Azoulay, who served as a minister under President Francois Hollande, narrowly beat Qatar’s Hamad bin Abdulaziz al-Kawari in the final 30-28 vote on Friday.
Azoulay must be approved by UNESCO’s 195 members on November 10.
The 45-year-old will succeed Irina Bokova, a Bulgarian who has led the body since 2009.
The voting comes a day after the United States announced that it will withdraw from the UN’s cultural organization, accusing it of “anti-Israel bias.”
US State Department spokeswoman Heather Nauert said in a statement on Thursday that Washington would establish an “observer mission” to replace its representation at the Paris-based agency.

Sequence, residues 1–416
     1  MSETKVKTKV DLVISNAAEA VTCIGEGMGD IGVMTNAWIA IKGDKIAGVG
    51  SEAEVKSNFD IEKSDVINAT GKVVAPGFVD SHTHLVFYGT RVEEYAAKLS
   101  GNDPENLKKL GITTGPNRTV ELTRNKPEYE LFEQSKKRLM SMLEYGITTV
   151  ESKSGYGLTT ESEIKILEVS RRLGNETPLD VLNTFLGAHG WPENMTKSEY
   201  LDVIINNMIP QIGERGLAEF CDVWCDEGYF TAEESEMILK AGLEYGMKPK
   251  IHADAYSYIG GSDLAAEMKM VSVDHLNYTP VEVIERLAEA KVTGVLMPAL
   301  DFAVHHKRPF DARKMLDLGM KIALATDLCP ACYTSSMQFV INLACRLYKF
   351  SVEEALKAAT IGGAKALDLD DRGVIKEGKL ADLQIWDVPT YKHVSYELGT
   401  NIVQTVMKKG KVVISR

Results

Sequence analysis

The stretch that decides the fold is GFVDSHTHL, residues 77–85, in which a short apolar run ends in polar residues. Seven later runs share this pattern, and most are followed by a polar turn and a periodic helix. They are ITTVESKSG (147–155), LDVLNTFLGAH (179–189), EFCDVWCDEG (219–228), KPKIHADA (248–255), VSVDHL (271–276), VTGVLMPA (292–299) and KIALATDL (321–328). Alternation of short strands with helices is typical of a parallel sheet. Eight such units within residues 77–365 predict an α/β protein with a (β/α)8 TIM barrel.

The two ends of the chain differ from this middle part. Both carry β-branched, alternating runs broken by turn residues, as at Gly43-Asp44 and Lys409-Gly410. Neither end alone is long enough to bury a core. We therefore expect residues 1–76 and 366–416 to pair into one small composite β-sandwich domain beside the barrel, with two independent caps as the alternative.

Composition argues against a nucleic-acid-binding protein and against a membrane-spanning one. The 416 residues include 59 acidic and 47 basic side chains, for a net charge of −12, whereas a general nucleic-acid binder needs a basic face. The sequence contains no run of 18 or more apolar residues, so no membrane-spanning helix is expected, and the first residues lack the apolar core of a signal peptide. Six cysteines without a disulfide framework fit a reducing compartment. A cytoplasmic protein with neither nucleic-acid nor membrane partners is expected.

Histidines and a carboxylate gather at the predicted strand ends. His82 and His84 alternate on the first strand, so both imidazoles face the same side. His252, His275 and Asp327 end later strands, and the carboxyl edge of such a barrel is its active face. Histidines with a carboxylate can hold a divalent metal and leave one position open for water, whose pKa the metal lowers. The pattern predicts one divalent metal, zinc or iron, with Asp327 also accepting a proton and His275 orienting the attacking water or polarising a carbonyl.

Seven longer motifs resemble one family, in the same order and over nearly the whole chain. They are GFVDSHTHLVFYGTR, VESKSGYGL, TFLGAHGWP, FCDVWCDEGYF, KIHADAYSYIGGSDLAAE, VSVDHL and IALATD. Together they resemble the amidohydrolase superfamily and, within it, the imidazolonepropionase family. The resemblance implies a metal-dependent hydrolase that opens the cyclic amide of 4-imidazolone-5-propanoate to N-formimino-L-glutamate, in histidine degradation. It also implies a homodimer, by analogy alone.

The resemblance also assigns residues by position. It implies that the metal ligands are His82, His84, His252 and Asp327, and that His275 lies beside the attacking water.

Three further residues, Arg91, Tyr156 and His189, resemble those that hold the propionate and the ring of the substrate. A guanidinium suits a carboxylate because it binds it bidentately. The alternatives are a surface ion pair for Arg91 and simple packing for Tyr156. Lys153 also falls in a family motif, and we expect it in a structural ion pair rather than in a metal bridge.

“In this time of crisis we need more than ever to support, strengthen and reform UNESCO and not leave it,” Azoulay told journalists, saying she would modernize the agency.
“If I’m confirmed…the first thing I will do is to restore its credibility, restore the faith of its members and its efficiency so it can act,” she added.
UNESCO is known for designating world heritage sites such as Syria’s Palmyra, the Grand Canyon in the US state of Arizona and twenty-two sites in Iran.